where Re(Z(f )) and Im(Z(f )) are the real and imaginary parts of the impedance Z(f ). The maximum value of |Z(f )| was denoted as |Z|max and the frequency at which the impedance amplitude reached its maximum was defined as the resonance frequency (fR) of the neuronal compartment. Resonance strength (Q) was defined as the ratio of the maximum impedance amplitude (|Z|max) to the impedance amplitude at 0.5 Hz (|Z(0.5)|). The impedance phase profile (ZPP) was computed as:

Total inductive phase was defined as the area under the inductive part of the ZPP:

All data analyses were performed using custom-written software in Igor Pro (Wavemetrics), and statistical analyses were performed using the R computing package60. Details of statistical analyses performed for this study are provided in supplementary Tables S1 and S2.

Computing correlation matrices of percentage changes in different measurements after blocking KA channels

Percentage changes in each of the 7 measurements were plotted against other measurements from the same neuron (intraneuronal), with recordings from different somato-dendritic locations pooled together. Pearson and Spearman correlation coefficients for each pair was computed using statistical computing language R60.

Additional Information

How to cite this article: Rathour, R. K. et al. Transient potassium channels augment degeneracy in hippocampal active dendritic spectral tuning. Sci. Rep. 6, 24678; doi: 10.1038/srep24678 (2016).

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Acknowledgements

This work was supported by the International Human Frontier Science Program (HFSP) Organization (RN), the Department of Biotechnology (RN), the Department of Science and Technology (RN), and the Indian Institute of Science (RN & RKR). The authors express sincere gratitude to Dr. Daniel Johnston for valuable advice, and for generously allowing them to perform some of the experiments in his laboratory. The authors thank members of the cellular neurophysiology laboratory for helpful discussions and for comments on a draft of this manuscript.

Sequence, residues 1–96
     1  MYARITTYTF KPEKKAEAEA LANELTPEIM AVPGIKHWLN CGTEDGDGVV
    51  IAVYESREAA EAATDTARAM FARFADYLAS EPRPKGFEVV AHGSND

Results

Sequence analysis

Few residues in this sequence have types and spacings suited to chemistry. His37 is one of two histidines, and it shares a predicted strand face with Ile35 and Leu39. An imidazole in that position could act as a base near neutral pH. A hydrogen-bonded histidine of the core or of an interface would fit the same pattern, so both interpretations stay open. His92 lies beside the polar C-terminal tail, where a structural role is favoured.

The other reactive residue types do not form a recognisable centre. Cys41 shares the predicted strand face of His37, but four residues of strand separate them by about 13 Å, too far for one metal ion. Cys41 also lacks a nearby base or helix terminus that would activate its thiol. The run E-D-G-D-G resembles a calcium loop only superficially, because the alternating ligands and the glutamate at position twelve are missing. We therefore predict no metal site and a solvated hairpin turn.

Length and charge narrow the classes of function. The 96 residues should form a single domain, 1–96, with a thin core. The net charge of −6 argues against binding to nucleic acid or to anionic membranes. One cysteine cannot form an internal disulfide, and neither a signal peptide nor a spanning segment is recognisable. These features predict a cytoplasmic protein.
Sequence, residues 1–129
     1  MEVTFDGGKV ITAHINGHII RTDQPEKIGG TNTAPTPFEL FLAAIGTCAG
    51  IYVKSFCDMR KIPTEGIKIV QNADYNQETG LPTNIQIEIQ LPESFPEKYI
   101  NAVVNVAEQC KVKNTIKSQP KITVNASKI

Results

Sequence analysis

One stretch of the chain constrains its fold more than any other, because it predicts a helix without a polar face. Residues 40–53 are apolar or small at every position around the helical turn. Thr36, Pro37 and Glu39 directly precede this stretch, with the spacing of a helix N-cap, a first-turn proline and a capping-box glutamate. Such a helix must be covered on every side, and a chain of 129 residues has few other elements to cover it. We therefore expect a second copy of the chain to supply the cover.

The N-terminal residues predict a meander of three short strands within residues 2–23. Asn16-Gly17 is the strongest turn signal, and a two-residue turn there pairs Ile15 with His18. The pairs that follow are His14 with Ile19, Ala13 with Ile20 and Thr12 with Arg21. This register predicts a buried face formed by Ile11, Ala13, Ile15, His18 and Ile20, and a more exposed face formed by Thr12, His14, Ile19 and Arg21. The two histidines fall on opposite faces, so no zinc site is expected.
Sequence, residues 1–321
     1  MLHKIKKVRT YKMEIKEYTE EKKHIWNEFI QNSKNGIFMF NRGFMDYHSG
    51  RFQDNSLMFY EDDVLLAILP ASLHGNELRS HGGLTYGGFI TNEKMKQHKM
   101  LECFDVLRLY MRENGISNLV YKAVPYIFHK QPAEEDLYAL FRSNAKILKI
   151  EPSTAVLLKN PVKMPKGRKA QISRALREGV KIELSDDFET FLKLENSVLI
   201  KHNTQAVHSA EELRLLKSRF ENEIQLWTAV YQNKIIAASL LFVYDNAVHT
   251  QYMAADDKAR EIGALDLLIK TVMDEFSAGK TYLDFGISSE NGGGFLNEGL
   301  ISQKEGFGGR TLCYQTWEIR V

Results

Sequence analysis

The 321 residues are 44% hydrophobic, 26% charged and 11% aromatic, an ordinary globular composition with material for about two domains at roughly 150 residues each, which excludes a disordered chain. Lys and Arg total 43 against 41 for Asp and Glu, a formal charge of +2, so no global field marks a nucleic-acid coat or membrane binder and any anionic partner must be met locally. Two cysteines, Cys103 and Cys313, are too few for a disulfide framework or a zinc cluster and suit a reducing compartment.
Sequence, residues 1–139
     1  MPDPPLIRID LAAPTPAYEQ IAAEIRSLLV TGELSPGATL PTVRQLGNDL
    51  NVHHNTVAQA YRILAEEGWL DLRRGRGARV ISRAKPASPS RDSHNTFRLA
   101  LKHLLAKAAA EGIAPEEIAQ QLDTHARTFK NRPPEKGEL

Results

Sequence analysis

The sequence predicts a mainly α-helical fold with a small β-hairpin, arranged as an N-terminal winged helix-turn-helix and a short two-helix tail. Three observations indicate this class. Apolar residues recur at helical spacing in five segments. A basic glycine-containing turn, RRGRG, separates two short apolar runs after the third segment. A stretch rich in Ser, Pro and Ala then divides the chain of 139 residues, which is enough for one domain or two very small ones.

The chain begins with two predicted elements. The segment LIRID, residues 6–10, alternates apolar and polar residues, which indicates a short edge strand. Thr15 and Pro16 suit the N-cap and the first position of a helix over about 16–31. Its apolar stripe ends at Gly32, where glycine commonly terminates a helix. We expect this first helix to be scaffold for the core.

Author information

Author notes

    • Rahul Kumar Rathour

    Present address: Center for Learning and Memory, The University of Texas at Austin, Austin, TX, USA.

Affiliations

  1. Cellular Neurophysiology Laboratory, Molecular Biophysics Unit, Indian Institute of Science, Bangalore, India

    • Rahul Kumar Rathour
    •  & Rishikesh Narayanan
  2. Center for Learning and Memory, The University of Texas at Austin, Austin, TX, USA

    • Ruchi Malik

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Contributions

R.K.R., R.M. and R.N. designed research; R.K.R. and R.M. performed research; R.K.R. analyzed data; R.K.R. and R.N. wrote the paper.

Competing interests

The authors declare no competing financial interests.

Corresponding author

Correspondence to Rishikesh Narayanan.

Supplementary information